Posted on November 14, 2006 by Doolwind

The Problem With Contractors In Software Projects

Every project I’ve worked on has had at least one contractor working on some part of it.  I’ve worked both as a contractor and with many and I’d like to discuss a few of the problems I’ve seen.  Some of these problems are quite subtle and I believe are often overlooked by managers of software projects.

1.  Pay difference

There’s just something about knowing that the person sitting next to you is earning twice as much (or more) than you, per hour.  Even though contractors have to pay their own super, holidays, sick leave etc, they still often end up earning a lot more on an hourly basis.  This builds major resentment between the contractor and the rest of the team.  A while ago I talked about keeping programmers happy by not letting them know how much they are being billed out at, compared to how much they are receiving.  Knowing how much more a contractor is getting paid is even worse!  It’s basically saying that some guy who doesn’t even work at your company is more valuable than you are.  I don’t care who you are, that hurts.

2.  Shows a lack of planning in management

Needing to hire a bunch of contractors at the end of a project (as it runs overtime and grows in budget) shows that management can’t properly plan for the future.  They’re saying that they didn’t think that the project would run over time or budget and by the time they admit it, the only option is getting in hired help.  It’s a basic fact of all complex software development, it’s generally going to run over time and budget and management needs to stay on top of this and supply enough resources as soon as the need is realized.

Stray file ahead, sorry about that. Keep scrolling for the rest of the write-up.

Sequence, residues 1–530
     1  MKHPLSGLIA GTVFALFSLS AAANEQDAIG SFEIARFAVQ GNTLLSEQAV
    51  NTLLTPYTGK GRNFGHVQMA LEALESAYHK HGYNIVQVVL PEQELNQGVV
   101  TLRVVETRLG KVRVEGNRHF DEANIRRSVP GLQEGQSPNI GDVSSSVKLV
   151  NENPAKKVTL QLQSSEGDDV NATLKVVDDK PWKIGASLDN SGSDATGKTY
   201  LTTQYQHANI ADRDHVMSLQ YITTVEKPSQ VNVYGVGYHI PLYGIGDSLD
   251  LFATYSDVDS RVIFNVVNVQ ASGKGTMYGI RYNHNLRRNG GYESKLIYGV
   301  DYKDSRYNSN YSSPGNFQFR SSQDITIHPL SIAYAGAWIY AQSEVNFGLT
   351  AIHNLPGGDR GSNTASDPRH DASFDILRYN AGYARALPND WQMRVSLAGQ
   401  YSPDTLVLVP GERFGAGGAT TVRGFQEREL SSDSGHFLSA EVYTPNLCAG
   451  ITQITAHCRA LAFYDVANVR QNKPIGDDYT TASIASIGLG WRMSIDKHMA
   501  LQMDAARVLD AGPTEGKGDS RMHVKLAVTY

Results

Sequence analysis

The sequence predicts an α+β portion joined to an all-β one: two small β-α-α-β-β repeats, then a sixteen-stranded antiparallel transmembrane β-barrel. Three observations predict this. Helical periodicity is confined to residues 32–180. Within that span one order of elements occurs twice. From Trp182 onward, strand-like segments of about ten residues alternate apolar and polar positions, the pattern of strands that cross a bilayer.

3.  Can’t hire good people

Unlike #2, if you have a bunch of contractors on a project for its entirety, it shows that the contractors wouldn’t dare work for your company.  How does that make the rest of the employee’s feel?  It makes most people I know feel like they’re stupid enough to be paid less for to do exactly the same work.  If your company hasn’t got enough incentives to make people want to work there full-time then something needs to be done.

4.  Team doesn’t work as well together

Unfortunately, your contractors will be outsiders.  For the reasons above, the rest of the team will resent them and you can’t have good team cohesion with this resentment present.  Thankfully, most contractors are nice, happy people (otherwise no one would hire them) which keeps the resentment from becoming personal, but it’s still there at some level.

5.  They don’t care as much about the project

On the flip side to #4, it’s hard to have as much passion or care about a project you’re simply being paid to work on.  From monetary incentives like profit sharing down to not being part of the full company dynamic, contractors just won’t care as much as their regular employed colleagues.  If they were passionate, they’d be an employee, living and breathing the game and the company.  The bottom line is that contractors are mercenaries; they go to the highest bidder at the time.